This is a recap of an interesting project that got dumped on me, urgently :), to protect Enterprise Database. As usual it was last minute and very very urgent – and actually in this case the urgency was merited. The eventual project was a combination of a Windows Service running on each machine, a Web Service that controlled configuration of Windows Service runtime and a Configuration Admin Application to control what applications are allowed to access Enterprise Database and which application would be shutdown.
I was already working on a project when one of my colleagues and I were asked to join an urgent meeting to discuss security related issues. At the meeting we learned that users were using “unapproved” applications to access Ingres Enterprise Database. I should explain that in this enterprise database security was handled by individual database user accounts – each user account had its appropriate grants to tables and resources. Enterprise had multiple Client/Server applications that allowed users to access enterprise database with their unique database user logins.
Turns out some users, who I guess did not like using enterprise client/server applications, were using tools like MS Access or Visual FoxPro to access and modify the database. The problem with that was the “approved” tools had built-in business level constraints that prevented data corruption. Meanwhile users with MS Access/Visual FoxPro tools would make only partially valid changes which would break various business rules as well as applications trying to access these modified data.
This had to be addressed immediately or more and more of the enterprise data would be corrupted.
This is where my colleague and I come in; we were asked to build a tool to prevent this issue. Main proposal was to build a Windows Service that would run on each domain computer and only allow approved applications to access Ingres Enterprise Databases.
Once the project’s high level requirements were outlined it was up to us to determine how to successfully implement it. We decided to each try a different approach, my colleague was going to use C++ to build the windows service, while I, being more comfortable with .NET, decided to use .NET instead. Jumping forward I should say that my approach was better and quicker thanks to .NET memory management and ease of coding.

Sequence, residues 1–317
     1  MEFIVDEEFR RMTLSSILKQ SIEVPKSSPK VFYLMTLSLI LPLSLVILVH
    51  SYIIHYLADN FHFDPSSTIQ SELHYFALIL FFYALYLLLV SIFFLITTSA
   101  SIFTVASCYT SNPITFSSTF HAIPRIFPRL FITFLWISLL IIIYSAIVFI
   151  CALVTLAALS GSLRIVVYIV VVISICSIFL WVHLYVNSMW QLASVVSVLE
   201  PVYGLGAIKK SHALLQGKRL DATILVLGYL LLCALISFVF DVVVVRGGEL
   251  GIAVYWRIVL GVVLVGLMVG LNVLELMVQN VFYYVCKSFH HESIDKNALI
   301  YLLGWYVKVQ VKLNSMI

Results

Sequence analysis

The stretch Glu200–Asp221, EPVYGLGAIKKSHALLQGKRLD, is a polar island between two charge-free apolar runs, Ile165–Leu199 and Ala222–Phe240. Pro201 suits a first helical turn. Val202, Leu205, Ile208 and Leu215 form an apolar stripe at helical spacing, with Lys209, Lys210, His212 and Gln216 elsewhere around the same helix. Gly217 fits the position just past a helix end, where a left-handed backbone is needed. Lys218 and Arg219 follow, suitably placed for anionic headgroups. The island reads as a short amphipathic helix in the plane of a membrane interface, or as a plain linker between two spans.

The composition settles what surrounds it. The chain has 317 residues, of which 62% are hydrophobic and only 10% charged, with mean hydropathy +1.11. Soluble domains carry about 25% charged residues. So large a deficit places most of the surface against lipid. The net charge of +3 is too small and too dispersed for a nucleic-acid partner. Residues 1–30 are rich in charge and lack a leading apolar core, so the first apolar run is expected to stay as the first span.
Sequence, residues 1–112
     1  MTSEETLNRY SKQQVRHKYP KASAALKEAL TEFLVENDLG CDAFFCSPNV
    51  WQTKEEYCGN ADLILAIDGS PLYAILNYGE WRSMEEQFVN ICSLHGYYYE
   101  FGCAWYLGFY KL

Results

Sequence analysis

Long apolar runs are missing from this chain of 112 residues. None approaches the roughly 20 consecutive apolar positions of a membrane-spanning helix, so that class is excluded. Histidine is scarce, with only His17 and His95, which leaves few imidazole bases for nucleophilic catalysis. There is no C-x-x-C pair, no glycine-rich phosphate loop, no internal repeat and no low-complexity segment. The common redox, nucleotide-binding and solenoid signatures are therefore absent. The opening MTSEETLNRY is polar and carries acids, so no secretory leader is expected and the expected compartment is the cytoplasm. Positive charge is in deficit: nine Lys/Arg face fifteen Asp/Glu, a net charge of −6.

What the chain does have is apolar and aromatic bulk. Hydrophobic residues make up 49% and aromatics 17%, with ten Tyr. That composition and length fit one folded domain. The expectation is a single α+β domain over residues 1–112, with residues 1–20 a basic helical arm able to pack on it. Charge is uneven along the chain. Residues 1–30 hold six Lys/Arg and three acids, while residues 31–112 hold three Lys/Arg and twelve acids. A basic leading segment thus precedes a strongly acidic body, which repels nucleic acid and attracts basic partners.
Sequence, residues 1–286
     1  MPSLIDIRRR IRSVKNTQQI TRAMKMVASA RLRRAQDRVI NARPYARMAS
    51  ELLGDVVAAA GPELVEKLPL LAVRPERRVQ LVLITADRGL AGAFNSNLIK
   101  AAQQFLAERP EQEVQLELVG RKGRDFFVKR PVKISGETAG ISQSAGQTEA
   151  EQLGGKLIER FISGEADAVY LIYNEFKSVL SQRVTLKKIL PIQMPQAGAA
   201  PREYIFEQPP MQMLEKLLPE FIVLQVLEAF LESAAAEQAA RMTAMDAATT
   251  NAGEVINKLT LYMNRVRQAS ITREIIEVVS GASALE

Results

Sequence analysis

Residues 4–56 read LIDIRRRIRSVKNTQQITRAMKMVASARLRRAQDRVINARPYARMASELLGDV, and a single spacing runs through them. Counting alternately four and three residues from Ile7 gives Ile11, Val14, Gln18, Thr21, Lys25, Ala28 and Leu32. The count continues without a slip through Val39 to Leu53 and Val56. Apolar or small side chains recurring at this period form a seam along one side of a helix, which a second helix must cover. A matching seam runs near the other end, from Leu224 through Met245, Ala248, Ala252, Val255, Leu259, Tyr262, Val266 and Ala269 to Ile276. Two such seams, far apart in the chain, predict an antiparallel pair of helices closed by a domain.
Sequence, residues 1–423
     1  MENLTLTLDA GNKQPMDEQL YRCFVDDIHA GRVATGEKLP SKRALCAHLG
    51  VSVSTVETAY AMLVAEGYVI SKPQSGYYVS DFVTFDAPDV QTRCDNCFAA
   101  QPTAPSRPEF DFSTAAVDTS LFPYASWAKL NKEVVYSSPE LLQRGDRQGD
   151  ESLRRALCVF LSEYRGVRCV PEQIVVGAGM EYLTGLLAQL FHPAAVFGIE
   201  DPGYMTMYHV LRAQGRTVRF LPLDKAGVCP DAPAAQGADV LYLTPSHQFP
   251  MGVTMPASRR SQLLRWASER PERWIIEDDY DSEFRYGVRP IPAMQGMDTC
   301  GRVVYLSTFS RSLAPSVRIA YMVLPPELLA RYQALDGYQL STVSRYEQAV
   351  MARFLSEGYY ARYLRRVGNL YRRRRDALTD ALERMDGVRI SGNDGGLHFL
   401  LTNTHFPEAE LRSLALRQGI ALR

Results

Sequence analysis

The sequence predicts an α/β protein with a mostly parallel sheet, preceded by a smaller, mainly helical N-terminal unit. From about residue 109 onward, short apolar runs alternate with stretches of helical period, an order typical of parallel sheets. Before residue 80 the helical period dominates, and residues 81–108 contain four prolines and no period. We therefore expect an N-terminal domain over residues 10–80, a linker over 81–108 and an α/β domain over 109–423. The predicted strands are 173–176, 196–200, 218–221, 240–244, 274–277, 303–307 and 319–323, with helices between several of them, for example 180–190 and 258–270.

My approach was to create a Windows Service (codenamed “watchdog”) running in the background which would wake up on predefined interval and get local PC processes. It would then scan each process and see if that process was consuming the DLLs that were required for access to Ingres database. Once a match was found it would compute a hash for the process executable (.EXE file) and see if that process hash was on the allowed list. If YES – then process was left untouched, but if the process hash was unknown then the process would simply be killed.
In trying to future proof the whole design, I also added Web Service components that would expose the Configuration data as XML file (with it’s own XSD Schema). Each local version of the watchdog windows service would get installed with it’s own copy on the config file, however, at a predetermined interval, I think every 6 hours, the service would contact Web Service to get the latest copy of the config file and update the local version. If the Web Service was not available then a local copy of the config file would be used.
Furthermore, the Web Service was used to record any instance of a “bad” application accessing the database and then being killed.
WatchDog Admin Utility
Pretty soon after completing the Windows and Web service code I realized that I needed something that would help me manage the XML configuration file. The file contains a lot of information and any typos could and did result in errors. Also, the whole system was supposed to be managed by the system administrator and not being intimately familiar with the project I was pretty sure they would make mistakes editing config file.
This lead me to create a specific tool – WatchDog Admin utility that would be used to edit configuration file. Tool allows complete control over the config file, including things like selecting allowed executable file and calculating it’s HASH, adding which DLLs are being monitored and controlling how often each application scan will take place.
Project Completion – funny story
Once everything was done and tested then WatchDog windows service was pushed to all enterprise PCs. Immediately Web Service logs started showing multiple instances of people trying to use MS Access and Visual FoxPro to access database. Each attempt was then promptly killed. What happened next was both funny and troubling.
A Manager that was monitoring “kill” logs noticed a pattern – specific user had kill session every 5 minutes. Meaning, each time WatchDog killed his app session he would try again. We think he was hoping to “update the data” before next “kill” command. The manager lowered user’s WatchDog application scan frequency to 3 minutes, then to 1 minutes and ultimately to 30 seconds before this user finally gave up trying to use “custom” tools for database access.
Please let me know if you have any questions or comments.
The Developer Guy.